Chuck Chalberg's take on a century of American progressivism ("The arc of progress," July 8), beginning under Republican President Teddy Roosevelt's leadership of a Progressive Party in 1912, was stimulating.

And Chalberg is to be commended for retrieving from Chesterton and Belloc the term "distributism'' to describe a wider distribution of property and income as a middle way between laissez-faire capitalism and socialism. This remains the best way to counter the redistribution toward the top that inevitably occurs when the invisible hand of the market allocates too much to too few.

Missing however, was any significant credit for the enormous value of progressive reform, taxation and government investment during what is also called "The American Century.''

Here's a quick recap of missions accomplished and conditions improved since 1912: The United States became the most broadly educated nation in the world; women and people of color (two-thirds of our people) are no longer officially second-class citizens or living in de facto slavery under the shadow of local control and states' rights; federal programs from the New Deal to the Great Society provided economic security and health care that virtually eliminated elderly poverty, helped extend life expectancy and arguably created the middle class as we know it; environmental movements cleaned up rivers and lakes and aquifers, and freshened once-lethal air in many regions; public works and research investment created interstate highways and the Internet and satellite technology, contributing enormously to productivity and business growth, and now full citizenship is gradually being extended to marginalized communities of gays and lesbians.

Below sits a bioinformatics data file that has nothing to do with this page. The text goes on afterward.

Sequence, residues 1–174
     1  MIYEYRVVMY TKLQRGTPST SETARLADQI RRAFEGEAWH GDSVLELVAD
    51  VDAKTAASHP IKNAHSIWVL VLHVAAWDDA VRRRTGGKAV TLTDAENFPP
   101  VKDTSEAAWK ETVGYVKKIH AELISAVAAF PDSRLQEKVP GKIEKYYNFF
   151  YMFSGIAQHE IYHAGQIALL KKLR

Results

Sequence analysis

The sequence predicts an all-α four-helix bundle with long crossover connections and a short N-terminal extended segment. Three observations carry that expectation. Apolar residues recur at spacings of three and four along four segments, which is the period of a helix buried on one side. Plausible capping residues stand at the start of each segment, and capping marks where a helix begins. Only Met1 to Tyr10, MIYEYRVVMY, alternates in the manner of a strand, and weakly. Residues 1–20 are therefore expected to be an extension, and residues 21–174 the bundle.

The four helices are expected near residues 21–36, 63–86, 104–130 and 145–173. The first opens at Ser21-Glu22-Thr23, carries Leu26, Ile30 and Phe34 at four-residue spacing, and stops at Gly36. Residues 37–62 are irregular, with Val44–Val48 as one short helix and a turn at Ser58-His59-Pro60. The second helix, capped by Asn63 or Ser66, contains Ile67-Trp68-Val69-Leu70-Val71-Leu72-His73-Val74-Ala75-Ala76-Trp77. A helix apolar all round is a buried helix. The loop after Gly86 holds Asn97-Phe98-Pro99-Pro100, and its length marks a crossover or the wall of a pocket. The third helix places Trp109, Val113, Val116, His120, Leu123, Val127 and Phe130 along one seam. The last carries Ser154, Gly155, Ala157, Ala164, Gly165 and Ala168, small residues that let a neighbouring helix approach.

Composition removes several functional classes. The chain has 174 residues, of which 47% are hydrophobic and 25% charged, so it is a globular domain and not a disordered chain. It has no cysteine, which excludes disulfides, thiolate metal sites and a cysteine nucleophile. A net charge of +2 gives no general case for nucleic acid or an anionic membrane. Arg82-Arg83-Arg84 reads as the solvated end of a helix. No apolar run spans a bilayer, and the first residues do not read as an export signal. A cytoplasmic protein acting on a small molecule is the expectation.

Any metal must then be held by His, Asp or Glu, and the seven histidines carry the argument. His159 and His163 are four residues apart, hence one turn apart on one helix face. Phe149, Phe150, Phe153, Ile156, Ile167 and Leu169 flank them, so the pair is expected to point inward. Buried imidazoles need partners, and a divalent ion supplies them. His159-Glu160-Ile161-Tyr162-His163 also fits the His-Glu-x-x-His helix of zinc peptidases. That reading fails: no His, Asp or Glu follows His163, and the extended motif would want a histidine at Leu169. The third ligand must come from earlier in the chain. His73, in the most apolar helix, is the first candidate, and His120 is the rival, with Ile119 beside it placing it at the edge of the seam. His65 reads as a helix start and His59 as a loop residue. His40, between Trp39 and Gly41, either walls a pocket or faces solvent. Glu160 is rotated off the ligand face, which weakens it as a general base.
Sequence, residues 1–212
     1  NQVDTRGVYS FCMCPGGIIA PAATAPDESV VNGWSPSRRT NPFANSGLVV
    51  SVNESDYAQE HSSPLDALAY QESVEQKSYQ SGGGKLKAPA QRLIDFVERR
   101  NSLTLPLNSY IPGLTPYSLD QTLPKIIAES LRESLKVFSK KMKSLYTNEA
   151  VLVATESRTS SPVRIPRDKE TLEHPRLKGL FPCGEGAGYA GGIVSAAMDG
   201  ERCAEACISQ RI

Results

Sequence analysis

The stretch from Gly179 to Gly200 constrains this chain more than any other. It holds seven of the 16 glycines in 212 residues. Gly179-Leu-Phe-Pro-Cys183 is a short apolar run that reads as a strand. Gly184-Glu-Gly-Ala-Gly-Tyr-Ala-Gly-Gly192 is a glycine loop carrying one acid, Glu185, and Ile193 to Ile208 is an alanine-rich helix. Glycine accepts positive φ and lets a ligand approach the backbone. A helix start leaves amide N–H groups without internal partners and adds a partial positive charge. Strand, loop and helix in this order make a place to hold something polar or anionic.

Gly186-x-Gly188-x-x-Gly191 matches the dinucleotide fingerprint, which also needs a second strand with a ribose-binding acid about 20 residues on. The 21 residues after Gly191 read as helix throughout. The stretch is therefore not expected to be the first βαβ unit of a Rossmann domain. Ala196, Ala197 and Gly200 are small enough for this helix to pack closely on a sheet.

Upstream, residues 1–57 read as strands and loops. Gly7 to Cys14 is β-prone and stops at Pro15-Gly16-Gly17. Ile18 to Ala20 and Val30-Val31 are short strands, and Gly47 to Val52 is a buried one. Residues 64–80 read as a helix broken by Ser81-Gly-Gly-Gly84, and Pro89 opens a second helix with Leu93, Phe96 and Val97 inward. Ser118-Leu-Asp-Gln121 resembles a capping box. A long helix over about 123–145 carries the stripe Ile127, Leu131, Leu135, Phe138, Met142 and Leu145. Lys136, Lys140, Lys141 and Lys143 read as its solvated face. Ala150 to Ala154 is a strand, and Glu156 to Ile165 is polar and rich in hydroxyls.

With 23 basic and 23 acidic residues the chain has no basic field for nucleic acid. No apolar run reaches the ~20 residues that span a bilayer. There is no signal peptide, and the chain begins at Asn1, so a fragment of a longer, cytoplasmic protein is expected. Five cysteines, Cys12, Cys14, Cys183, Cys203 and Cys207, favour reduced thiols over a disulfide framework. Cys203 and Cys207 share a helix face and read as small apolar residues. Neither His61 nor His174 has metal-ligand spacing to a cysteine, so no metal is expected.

My ancestors were poor southern farmers and laborers when this century began; before it ended, my parents, uncles and aunts and cousins were business owners, lawyers and engineers.

The story of the century is essentially a tale of progressive triumph, of responsible business leaders and good governments working together to solve problems. It's an overreach to raise fears that the course of this century or President Obama's expansion of health care coverage has put us on the path to a "servile state.'' We actually are in need of at least a little more "distributism'' to correct a regressive redistribution toward the top 1 percent over the last 30 years.


Dane Smith is president of Growth & Justice, a Minnesota-based policy research organization.